School room

Education spending - introduction

Funded by the Nuffield Foundation

Education spending is the second-largest element of public service spending in the UK behind health, representing £116 billion in 2021–22 in today’s prices or about 4.6% of national income. To make efficient and equitable policy choices, it is crucial to have a clear, consistent picture of how the level of spending at each phase of education has changed over time, expected future changes and the factors driving these changes. Such issues are a vital component of policy debate, given evidence showing how education investments at different ages combine to drive long-run outcomes (Cunha, Heckman and Schennach, 2010; Johnson and Jackson, 2019).

In a series of annual reports on education spending funded by the Nuffield Foundation, we have sought to cast light on this subject by illustrating how spending per pupil across different stages of education has changed over time. We also publish a range of smaller outputs throughout the year to provide more timely and rapid analysis of the resource challenges facing different phases of education. 

Following on from cuts to most areas of education spending during the 2010s, the government has provided additional funding at successive spending reviews between 2019 and 2021. However, rising levels of inflation and cost pressures have dampened the effects of extra funding, putting severe strain on providers’ budgets right across the public sector.

At the recent Autumn Statement, the government chose to provide an additional £2.3 billion to schools in England to help compensate them for higher costs. However, it chose not to provide any top-ups to the early years, further education or higher education budgets. The government has also reduced the planned growth in public service spending after 2024–25 as part of efforts to prevent debt from rising in the medium term.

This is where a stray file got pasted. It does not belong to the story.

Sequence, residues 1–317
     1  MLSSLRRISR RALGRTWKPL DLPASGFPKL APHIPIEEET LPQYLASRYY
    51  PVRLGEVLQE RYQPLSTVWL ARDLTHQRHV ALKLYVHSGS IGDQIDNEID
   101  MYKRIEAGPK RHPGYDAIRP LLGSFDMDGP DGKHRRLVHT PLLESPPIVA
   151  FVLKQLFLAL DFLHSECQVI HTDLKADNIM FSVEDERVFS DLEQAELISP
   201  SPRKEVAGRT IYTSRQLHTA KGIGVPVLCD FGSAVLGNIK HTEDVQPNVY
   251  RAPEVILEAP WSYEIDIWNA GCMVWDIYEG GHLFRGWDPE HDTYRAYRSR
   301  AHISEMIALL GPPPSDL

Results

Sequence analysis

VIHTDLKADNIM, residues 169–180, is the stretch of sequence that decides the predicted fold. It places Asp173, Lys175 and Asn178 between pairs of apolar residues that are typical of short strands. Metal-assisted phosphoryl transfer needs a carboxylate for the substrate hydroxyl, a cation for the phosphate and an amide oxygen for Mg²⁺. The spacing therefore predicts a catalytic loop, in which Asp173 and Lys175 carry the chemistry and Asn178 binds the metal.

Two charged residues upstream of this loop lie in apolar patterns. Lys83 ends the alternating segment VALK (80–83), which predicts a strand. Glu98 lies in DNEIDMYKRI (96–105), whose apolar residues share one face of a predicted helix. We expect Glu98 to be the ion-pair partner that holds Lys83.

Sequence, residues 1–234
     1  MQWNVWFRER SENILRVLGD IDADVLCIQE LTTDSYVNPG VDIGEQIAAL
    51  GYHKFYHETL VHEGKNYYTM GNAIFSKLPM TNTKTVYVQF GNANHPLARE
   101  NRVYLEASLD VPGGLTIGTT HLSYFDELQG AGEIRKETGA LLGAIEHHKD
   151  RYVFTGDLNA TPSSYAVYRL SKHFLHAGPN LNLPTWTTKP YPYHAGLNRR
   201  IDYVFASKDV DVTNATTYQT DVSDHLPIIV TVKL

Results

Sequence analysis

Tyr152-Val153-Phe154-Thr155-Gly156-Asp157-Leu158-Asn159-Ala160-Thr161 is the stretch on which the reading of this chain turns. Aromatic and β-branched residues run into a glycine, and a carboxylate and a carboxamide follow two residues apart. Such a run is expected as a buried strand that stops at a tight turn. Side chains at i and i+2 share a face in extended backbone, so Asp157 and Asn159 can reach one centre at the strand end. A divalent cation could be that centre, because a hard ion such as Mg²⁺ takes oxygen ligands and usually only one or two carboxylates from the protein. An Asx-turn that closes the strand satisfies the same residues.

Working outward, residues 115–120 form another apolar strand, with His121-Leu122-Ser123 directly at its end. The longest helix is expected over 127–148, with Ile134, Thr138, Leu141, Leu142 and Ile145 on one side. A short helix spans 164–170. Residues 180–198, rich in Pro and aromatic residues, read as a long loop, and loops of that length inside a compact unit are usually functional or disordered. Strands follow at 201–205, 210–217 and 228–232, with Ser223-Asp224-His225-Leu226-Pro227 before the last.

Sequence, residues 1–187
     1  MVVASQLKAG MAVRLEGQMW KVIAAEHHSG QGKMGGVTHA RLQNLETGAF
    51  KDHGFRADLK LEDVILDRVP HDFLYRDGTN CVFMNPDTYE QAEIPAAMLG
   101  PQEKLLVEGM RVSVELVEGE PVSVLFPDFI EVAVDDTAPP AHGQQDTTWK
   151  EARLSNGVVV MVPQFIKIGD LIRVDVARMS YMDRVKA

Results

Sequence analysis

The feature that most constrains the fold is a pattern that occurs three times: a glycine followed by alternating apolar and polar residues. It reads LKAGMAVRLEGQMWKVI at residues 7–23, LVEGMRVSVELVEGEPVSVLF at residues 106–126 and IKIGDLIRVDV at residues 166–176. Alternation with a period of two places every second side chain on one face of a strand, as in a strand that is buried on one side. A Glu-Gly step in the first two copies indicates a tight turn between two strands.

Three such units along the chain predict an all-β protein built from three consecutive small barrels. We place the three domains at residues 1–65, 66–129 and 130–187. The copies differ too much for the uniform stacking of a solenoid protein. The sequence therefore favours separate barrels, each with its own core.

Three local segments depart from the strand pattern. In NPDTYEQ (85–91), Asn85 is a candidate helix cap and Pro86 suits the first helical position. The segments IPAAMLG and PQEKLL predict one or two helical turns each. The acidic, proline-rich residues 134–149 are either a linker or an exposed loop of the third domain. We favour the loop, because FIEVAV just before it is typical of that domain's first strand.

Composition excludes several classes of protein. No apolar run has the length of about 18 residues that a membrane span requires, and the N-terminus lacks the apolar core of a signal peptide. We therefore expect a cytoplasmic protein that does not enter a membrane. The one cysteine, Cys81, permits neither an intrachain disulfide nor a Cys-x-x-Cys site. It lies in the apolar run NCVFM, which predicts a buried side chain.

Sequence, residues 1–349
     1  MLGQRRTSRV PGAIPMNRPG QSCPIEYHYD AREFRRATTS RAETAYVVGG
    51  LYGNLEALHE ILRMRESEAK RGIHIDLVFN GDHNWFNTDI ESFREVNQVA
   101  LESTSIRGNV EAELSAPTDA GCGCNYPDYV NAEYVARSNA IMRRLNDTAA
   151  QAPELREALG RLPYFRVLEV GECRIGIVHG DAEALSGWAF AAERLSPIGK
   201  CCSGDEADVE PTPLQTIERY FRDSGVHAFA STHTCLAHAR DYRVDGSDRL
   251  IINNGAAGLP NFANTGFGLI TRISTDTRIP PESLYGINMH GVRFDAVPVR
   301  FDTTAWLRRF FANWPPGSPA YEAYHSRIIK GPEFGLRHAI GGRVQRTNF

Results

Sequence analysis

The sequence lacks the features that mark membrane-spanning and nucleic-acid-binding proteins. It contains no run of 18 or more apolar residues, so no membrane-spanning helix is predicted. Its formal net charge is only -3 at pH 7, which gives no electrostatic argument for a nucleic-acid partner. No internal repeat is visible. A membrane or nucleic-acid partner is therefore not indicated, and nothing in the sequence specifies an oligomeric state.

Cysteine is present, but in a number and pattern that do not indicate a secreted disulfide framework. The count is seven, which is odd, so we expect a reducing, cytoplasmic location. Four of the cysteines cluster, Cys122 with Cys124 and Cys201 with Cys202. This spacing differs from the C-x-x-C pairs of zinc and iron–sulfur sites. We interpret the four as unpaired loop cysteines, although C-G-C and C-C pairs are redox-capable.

Across some areas of education spending, the early years and schools in particular, it may well be possible to reduce spending whilst keeping spending per pupil constant in real terms. This is because a previous mini baby boom is going into reverse, with significant falls in the pupil population expected through to 2030. However, such savings can only be realised if the government is able to cut the number of schools and nurseries, as well as overall staff numbers. Furthermore, the baby boom is still working its way through the system, with growth in the number of students in further and higher education expected over the next five years.

The new Prime Minister has signalled a desire to create a world-class technical education system. A further big policy theme is the aim to ‘level up’ poorer regions of the country, with a heavy emphasis on the role schools and colleges can play in narrowing inequalities. Such ambitions will clearly be harder to achieve in an era of further constraints on public spending.